Category: The Glasshouses 🎧
A tour of our glasshouses
Let the glasshouses take you on a journey of discovery through the world of plants. In our ten landscaped environments you will find plants that have adapted to a variety of different growing conditions, from rainforests to deserts.
It all started with one houseplant. That one plant, a Crassula ovata (money plant), led me to having one of the healthiest obsessions human beings can possibly have;…
A lot can happen in a year, especially where the Biomes Project is concerned. Looking back at 2022, it is impossible to include everything that has been achieved, but here is a selection of highlights of the work undertaken by the Horticulture team and colleagues.
While the Edinburgh Biomes Project involves the more noticeable decanting of both Victorian Palm Houses and the Front Range Glasshouses, there are several research collections going through an equally significant change behind the scenes.
Since the start of the Edinburgh Biomes project there has been an almost constant movement of plants within and between the various glasshouses, and part of this involves changing the glasshouses themselves to create the best conditions for each collection.
So far, the iconic Temperate Palm House and the Tropical Palm House have been emptied of plants and are ready for refurbishment work to begin. The plants that…
The radical design of the main range of glasshouses, opened in 1967, has been hailed as one of the most innovative in the 20th Century.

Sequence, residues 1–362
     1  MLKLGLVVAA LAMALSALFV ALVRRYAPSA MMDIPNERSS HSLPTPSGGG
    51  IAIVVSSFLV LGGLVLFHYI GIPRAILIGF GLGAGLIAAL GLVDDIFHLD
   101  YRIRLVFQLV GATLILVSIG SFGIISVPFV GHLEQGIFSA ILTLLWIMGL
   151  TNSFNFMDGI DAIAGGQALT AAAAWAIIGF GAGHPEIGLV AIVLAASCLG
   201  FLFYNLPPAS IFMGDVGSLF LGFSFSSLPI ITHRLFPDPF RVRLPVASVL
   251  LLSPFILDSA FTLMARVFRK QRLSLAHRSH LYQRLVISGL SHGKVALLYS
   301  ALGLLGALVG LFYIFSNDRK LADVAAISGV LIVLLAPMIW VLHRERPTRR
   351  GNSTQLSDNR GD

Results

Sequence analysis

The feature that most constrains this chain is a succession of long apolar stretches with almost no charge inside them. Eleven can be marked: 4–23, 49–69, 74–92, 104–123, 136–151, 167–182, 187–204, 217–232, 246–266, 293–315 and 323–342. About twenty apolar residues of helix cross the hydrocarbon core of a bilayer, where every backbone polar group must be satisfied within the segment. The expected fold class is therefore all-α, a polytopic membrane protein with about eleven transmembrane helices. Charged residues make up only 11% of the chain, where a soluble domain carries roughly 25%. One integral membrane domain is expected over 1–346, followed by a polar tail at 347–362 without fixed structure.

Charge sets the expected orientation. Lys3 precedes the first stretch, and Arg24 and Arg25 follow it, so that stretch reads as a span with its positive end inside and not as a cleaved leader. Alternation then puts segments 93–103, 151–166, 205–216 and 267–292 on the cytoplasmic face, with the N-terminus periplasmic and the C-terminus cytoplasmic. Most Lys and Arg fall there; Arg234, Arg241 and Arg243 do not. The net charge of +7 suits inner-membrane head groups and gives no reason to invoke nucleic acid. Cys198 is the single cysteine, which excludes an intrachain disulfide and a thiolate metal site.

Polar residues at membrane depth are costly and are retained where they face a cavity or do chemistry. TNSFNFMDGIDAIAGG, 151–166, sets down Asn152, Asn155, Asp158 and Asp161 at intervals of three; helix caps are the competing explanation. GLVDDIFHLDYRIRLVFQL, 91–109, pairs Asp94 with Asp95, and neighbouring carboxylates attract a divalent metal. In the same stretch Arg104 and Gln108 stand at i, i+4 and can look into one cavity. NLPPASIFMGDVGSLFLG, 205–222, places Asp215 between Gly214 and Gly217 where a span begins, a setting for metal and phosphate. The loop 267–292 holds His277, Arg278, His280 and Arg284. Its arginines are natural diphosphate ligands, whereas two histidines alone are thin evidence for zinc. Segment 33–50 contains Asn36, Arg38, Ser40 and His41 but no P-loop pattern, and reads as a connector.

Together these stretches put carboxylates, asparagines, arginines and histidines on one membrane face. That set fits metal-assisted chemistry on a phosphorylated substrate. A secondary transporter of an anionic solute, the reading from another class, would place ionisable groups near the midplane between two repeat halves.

Along the walkway and in the glasshouse below it, are plants from Mediterranean climates all over the world. In this area you will find plants from the Southern Europe, Western Australia, California, South Africa and some parts of South America.
The plants on display in this house are from the same geographical region as the Montane Tropics House (South-East Asia). This wet-warm habitat has driven the huge diversity of plants which can be found in this region.
Holding collections from the mountain regions of South-East Asia (Borneo to Indonesia and the island of New Guinea) this house showcases one of the long term research groups – the Vireya Rhododendrons.
This house displays some of the adaptations plants have made to the prolonged droughts and extreme temperatures of the desert regions across the world.
As you walk in to this house you are greeted by the heat and humidity of a South American rainforest, one of the most diverse ecosystems on the planet.
Whilst the tropical plants in this house may be unfamiliar, the products produced from them are part of your daily life.
Get transported back through time to when dinosaurs ruled the earth. The ferns, horsetails, mosses, liverworts and conifers on display in this house are among the most ancient groups of plants having been around for over 350 million years.
Here you will find plants from the opposite ends of the evolutionary scale. At the one end we have the primitive cycads, whilst at the other are orchids, some of the most sophisticated groups of plants.
This is the oldest of the glasshouses, built in 1834, at the time it was largest of its kind in Britain.
The temperate palm house was built in 1858 by Robert Matheson with a grant of £6,000 from Parliament. At 21.95m (72ft) tall this is the tallest glasshouse in the UK, and is one of the tallest classic palm houses in the world.